ECOSOC | NGOs call on ECOSOC to ensure the NGO Committee protects civil society engagement


A joint NGO letter calls on ECOSOC members to ensure that its subsidiary body the NGO Committee supports NGO engagement and convenes at least one meeting with NGOs before each NGO Committee session.

The engagement of NGOs with the UN is critical to fulfilling the purposes of the UN Charter, which established the UN. The Charter acknowledges the value of NGO participation in UN processes. However, the relationship between NGOs and the UN has not been monitored or nurtured in the ways envisaged by the Charter. In this respect, a group of NGOs[i] called on UN Economic and Social Council (ECOSOC) members to ensure that its subsidiary body the NGO Committee fulfils its responsibility to engage with NGOs and that ECOSOC takes action where needed to ensure NGO participation with UN processes is safeguarded.

NGOs provide the UN with information, analysis and policy recommendations. They push for normative advances in a bid to see UN decisions and resolutions implemented. NGO access to and participation in UN bodies and processes are enabled in several ways, most notably through the NGO accreditation process managed by the ECOSOC NGO Committee.

Accredited NGOs and those seeking accreditation have faced restrictions to participation. This is most evident in the practice of the NGO Committee, which has been much criticised for being unfair and political in its consideration of some applications. The practice of the NGO Committee of deferring some applications over several years has been condemed by States and UN experts as constituting a form of reprisal. More frequently Committee members have accused NGO applicants of being politically aligned with States, or having terrorist sympathies, without permitting these NGOs the opportunity to defend themselves.

ECOSOC resolution 1996/31 requires the NGO Committee to take steps to monitor the relationship between NGOs and the UN. The resolution requires the Committee to hold meetings with accredited NGOs before each session and at other times as necessary, to discuss ‘questions of interest to the Committee or to the organizations related to the relationship between NGOs and the UN.’ As far as we know, no such meetings have been held, in recent years.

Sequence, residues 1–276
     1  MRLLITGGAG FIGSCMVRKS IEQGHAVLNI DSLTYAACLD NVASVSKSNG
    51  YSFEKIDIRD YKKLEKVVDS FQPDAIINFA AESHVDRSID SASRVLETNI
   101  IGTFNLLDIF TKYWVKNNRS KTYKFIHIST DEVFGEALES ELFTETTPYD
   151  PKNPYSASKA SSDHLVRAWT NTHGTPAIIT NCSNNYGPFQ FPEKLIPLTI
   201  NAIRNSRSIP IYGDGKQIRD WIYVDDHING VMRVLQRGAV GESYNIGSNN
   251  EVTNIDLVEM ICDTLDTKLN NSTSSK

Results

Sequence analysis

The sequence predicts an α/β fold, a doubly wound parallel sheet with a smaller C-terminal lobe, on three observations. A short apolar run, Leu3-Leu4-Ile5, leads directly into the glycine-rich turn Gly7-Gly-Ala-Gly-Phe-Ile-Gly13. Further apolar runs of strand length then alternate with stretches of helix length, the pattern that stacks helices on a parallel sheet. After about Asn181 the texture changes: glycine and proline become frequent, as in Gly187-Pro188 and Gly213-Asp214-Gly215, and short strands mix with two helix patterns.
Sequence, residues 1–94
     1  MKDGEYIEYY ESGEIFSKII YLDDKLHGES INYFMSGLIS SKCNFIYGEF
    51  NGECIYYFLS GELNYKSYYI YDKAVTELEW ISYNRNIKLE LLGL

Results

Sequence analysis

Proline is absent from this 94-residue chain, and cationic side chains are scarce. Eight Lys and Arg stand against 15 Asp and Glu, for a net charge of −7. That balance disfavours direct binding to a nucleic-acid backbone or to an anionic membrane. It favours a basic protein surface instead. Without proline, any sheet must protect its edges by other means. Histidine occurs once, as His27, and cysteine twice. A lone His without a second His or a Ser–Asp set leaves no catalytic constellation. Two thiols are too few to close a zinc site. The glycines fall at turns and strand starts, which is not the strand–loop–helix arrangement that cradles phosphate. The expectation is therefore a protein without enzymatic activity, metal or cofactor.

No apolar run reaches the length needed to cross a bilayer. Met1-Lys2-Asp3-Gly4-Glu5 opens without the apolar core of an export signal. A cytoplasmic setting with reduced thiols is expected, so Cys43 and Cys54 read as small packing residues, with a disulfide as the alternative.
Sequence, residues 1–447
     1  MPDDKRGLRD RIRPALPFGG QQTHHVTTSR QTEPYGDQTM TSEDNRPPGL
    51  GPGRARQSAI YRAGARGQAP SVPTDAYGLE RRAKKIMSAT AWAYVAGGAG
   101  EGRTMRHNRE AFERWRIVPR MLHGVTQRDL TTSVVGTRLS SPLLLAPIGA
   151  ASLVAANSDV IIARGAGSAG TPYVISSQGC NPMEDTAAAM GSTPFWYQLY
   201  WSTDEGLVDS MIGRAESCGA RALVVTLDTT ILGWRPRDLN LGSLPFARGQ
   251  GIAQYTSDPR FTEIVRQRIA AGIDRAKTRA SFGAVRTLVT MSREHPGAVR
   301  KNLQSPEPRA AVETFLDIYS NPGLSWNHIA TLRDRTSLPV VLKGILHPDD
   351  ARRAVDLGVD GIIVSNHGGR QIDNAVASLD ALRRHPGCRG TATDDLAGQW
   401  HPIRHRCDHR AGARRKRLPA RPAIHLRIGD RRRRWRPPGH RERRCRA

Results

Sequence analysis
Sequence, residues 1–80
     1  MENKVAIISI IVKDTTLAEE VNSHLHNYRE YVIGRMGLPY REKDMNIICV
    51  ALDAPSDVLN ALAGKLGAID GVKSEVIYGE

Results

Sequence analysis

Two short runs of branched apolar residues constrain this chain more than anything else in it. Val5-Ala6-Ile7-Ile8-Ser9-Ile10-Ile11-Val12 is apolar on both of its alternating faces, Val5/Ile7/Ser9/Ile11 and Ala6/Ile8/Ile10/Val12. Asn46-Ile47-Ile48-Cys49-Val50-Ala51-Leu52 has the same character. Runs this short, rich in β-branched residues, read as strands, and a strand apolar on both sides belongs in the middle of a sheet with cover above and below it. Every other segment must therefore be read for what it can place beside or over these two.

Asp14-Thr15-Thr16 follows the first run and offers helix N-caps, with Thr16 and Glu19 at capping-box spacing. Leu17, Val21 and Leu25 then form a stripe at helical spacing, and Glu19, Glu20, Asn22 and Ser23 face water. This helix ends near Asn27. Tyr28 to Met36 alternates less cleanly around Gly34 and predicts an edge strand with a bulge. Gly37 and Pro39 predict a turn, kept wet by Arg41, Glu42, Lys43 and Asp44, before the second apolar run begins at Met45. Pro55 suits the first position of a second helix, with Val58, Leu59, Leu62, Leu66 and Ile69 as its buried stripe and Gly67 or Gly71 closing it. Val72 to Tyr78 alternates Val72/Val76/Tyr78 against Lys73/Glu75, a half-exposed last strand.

In the absence of formal opportunities to engage with the NGO Committee, NGOs have sought to address the Committee briefly at the start of its sessions. However, on the two most recent occasions these attempts have been rejected. The Committee’s refusal to engage with NGOs on general topics of concern is in contradiction to its responsibilities outlined in resolution 1996/31.

While positive steps have been made - such as the recent ECOSOC decision to webcast open sessions of the NGO Committee, ECOSOC now needs to ensure the NGO Committee carries out meetings it is required to and provides ECOSOC with a report of those conversations. We call on members of ECOSOC to take action to ensure that NGO access and participation is respected and safeguarded. 


[i] Amnesty International, Article 19, Asian Legal Resource Centre, Center for Legal and Social Studies (CELS), CIVICUS, Commonwealth Human Rights Initiative, CONECTAS, Corporación Humanas (Chile), Freedom Now, Hawaii Institute for Human Rights, Human Rights Watch, International Commission of Jurists, International Service for Human Rights, International Federation of Settlements and Neighborhood Centers (IFS), Jacob Blaustein Institute for the Advancement of Human Rights, Legal Resource Centre, Outright International.  


Photo: UN Photo/Mark Garten





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